The demand for advice in D&O liability and the vital nature of the interface with ?compliance and governance continues to grow. It is not only the top firms which have discovered that they can push through far higher fees for work where the career of a board member is on the line.
D&O disputes on the rise in the Mittelstand
That has also spread from the listed companies into the Mittelstand, where the latter have been affected by antitrust damages claims over the past few years. After the Federal Court of Justice’s (Bundesgerichtshof) “Neubürger” ruling there is barely a manager in a large company who does not take the question of liability more seriously.
Carve-outs are increasing in the run-up to sales
In addition, the return of ambitious ?M&A projects has led to considerable amounts of highly complex corporate groundwork. The stability in the economy has also allowed corporates to put plans into practice which have been on ice for a while, in particular the carve-out and spinoff of divisions. The carve-outs at Bayer (of the material science division, Covestro) and Osram are the two most prominent examples.
Corporate becomes flagship discipline
The shift in emphasis in how firms view their core corporate lawyers is a highly significant development. It was not that long ago that international firms in particular regarded old-fashioned stock corporation lawyers as outdated – impractical lawyers with excessive academic standards, who did not bring in much turnover on their own.
The past few years have seen a more widely spread hybrid take root, however. Leading corporate lawyers are far more likely to maintain the trust of executive and supervisory boards for (still highly sought-after) transactional work if the same lawyers can advise on liability issues as well. The days of the pure M&A lawyers are also numbered, as could be seen at transaction-driven firms such as Linklaters: the lawyers previously best known for M&A recently advised on the carve-outs at Bayer and Osram as well as the E.on spinoff.
Stock corporation lawyers bid goodbye to Clifford Chance
It was therefore with some surprise that in the course of its reorganization, Clifford Chance seemed to find its corporate department relatively superfluous. After several departures, the firm is now left without a well-known corporate or takeover lawyer – that, for a firm which advises leading corporations on M&A, is astonishing. Jones Day, on the other hand, which last year gained one of those partners from Clifford, has seen a sea-change in its fortunes: The instruction from Canadian corporate Potash for the planned takeover of K+S is a massive step forward. On the other side of that deal was the core advisor to K+S, CMS Hasche Sigle, which took over the defense side – its practice, too, was strengthened over the past year by a corporate lawyer from Clifford Chance: Dr. Wolfgang Richter, who was also best known for his close relationship to Volkswagen. The final departure was just as surprising: the former head of the Clifford corporate practice, Dr. Arndt Stengel, moved to beef up the Frankfurt office of Milbank Tweed Hadley & McCloy, bringing considerable reinforcement to the corporate team which was otherwise based in Munich.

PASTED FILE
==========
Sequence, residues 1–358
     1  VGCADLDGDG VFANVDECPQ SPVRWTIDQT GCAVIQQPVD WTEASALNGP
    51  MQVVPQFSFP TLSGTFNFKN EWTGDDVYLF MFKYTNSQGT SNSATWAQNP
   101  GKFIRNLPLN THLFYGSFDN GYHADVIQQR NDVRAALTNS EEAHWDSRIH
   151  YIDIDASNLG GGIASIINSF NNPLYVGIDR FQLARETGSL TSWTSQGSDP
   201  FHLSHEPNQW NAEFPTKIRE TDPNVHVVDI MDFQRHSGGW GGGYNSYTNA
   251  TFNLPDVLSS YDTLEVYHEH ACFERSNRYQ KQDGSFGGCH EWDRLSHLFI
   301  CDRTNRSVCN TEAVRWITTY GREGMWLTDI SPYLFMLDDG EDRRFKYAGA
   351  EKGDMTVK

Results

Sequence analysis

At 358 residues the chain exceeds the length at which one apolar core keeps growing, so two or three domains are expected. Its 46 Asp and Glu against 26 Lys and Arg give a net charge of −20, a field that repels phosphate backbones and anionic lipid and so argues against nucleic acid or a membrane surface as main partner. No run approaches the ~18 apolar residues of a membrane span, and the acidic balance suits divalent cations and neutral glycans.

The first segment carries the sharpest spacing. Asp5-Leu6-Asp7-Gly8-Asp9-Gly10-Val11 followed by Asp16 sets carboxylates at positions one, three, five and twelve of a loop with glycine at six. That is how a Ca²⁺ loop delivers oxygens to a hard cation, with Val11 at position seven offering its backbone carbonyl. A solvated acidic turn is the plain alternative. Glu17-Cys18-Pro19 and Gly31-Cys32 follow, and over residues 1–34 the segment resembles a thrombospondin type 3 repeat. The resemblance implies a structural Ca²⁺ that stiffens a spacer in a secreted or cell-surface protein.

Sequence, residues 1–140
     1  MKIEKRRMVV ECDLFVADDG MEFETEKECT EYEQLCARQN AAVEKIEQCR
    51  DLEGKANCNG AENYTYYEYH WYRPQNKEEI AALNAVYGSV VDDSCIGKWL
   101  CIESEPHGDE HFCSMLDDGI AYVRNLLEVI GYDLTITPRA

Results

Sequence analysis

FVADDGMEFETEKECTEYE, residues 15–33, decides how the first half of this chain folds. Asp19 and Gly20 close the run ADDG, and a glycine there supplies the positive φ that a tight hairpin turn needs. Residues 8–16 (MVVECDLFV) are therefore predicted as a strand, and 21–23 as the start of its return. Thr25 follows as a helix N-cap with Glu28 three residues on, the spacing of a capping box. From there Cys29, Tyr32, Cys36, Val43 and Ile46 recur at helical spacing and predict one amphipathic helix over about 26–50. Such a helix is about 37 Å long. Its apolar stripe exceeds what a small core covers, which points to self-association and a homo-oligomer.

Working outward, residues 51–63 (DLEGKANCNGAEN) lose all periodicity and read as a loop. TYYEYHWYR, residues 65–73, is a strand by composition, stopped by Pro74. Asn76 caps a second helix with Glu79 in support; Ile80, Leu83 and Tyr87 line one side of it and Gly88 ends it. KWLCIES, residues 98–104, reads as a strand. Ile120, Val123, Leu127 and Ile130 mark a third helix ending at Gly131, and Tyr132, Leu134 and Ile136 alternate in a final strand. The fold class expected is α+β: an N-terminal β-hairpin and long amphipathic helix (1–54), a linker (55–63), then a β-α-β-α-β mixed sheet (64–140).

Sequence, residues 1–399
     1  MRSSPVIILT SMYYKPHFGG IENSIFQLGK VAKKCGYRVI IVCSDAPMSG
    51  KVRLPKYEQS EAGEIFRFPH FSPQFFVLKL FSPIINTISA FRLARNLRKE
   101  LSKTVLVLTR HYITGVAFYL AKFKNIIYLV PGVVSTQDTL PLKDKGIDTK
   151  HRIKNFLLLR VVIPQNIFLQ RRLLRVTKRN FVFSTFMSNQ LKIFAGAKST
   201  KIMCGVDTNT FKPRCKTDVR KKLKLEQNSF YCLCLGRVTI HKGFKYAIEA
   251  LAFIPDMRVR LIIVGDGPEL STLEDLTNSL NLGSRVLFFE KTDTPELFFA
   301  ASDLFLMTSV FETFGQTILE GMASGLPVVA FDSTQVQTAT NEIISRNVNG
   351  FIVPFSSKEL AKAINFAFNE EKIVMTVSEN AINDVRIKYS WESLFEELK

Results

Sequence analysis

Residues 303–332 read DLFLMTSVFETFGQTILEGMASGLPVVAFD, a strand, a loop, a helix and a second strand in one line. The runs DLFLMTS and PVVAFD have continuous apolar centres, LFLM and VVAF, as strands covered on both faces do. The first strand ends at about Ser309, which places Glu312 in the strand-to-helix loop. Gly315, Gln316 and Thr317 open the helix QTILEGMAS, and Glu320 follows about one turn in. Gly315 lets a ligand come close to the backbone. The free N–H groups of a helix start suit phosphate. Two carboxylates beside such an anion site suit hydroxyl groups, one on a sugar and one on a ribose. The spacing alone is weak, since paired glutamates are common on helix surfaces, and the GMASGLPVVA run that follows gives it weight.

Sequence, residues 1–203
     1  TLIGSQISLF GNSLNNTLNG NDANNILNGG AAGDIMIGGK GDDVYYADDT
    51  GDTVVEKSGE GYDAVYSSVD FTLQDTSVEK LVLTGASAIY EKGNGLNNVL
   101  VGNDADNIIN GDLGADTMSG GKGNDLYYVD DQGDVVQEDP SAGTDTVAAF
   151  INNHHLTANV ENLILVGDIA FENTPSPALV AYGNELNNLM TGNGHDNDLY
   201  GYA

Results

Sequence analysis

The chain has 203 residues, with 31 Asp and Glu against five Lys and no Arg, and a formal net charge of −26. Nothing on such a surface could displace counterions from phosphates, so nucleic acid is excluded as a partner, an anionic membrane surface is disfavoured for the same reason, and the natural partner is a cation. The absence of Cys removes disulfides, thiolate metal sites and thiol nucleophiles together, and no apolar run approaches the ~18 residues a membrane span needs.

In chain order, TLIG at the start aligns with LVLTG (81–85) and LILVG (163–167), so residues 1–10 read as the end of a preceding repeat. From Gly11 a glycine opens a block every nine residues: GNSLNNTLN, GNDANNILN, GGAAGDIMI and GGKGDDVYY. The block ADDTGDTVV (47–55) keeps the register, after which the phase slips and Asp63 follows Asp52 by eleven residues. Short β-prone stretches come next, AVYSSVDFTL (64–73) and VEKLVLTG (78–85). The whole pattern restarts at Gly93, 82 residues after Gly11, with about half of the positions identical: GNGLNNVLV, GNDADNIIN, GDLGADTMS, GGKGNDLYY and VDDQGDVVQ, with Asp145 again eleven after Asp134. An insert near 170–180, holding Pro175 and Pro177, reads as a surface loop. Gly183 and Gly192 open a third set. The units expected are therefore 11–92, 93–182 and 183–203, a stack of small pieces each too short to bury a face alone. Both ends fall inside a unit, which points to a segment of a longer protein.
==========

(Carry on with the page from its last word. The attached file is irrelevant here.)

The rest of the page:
The following chapter deals with those firms that operate at the top end of the market, where they have gained a national or international reputation. This chapter spans advice to large companies and corporate groups, including stock corporations and their management/supervisory boards, on restructuring, corporate contracts, control agreements, amendments to articles of association, mergers and spinoffs, as well as takeovers according to the German Securities Acquisition and Takeover Act.
Legal advice on acquisitions is covered in the ?M&A chapter. This practice area is also closely connected to ?restructuring and insolvency, ?compliance audits and investigations and ?dispute resolution.
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